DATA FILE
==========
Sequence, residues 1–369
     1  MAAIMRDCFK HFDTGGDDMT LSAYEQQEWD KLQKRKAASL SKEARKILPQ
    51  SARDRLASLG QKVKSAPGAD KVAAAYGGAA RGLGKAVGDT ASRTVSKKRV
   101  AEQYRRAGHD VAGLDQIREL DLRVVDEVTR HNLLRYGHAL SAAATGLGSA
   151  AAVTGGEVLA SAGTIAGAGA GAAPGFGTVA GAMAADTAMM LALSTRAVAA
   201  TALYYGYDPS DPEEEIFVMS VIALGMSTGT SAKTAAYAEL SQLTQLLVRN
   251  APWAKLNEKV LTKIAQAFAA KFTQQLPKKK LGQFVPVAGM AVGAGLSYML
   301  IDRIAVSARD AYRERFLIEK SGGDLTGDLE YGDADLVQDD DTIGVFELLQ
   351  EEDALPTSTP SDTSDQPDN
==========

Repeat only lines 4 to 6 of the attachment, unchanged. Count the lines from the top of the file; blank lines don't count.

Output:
   101  AEQYRRAGHD VAGLDQIREL DLRVVDEVTR HNLLRYGHAL SAAATGLGSA
   151  AAVTGGEVLA SAGTIAGAGA GAAPGFGTVA GAMAADTAMM LALSTRAVAA
   201  TALYYGYDPS DPEEEIFVMS VIALGMSTGT SAKTAAYAEL SQLTQLLVRN